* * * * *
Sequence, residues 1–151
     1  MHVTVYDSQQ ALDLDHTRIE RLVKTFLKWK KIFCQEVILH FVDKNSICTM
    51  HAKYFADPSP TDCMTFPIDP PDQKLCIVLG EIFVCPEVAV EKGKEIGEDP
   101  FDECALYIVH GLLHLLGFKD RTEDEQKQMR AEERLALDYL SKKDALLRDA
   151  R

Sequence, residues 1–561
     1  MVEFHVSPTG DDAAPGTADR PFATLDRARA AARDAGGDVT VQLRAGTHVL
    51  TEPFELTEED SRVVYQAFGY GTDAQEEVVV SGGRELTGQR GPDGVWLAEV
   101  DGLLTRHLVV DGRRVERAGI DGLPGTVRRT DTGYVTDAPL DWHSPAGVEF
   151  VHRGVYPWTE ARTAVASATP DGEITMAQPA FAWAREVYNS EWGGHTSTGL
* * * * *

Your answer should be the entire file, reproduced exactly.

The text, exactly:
Sequence, residues 1–151
     1  MHVTVYDSQQ ALDLDHTRIE RLVKTFLKWK KIFCQEVILH FVDKNSICTM
    51  HAKYFADPSP TDCMTFPIDP PDQKLCIVLG EIFVCPEVAV EKGKEIGEDP
   101  FDECALYIVH GLLHLLGFKD RTEDEQKQMR AEERLALDYL SKKDALLRDA
   151  R

Sequence, residues 1–561
     1  MVEFHVSPTG DDAAPGTADR PFATLDRARA AARDAGGDVT VQLRAGTHVL
    51  TEPFELTEED SRVVYQAFGY GTDAQEEVVV SGGRELTGQR GPDGVWLAEV
   101  DGLLTRHLVV DGRRVERAGI DGLPGTVRRT DTGYVTDAPL DWHSPAGVEF
   151  VHRGVYPWTE ARTAVASATP DGEITMAQPA FAWAREVYNS EWGGHTSTGL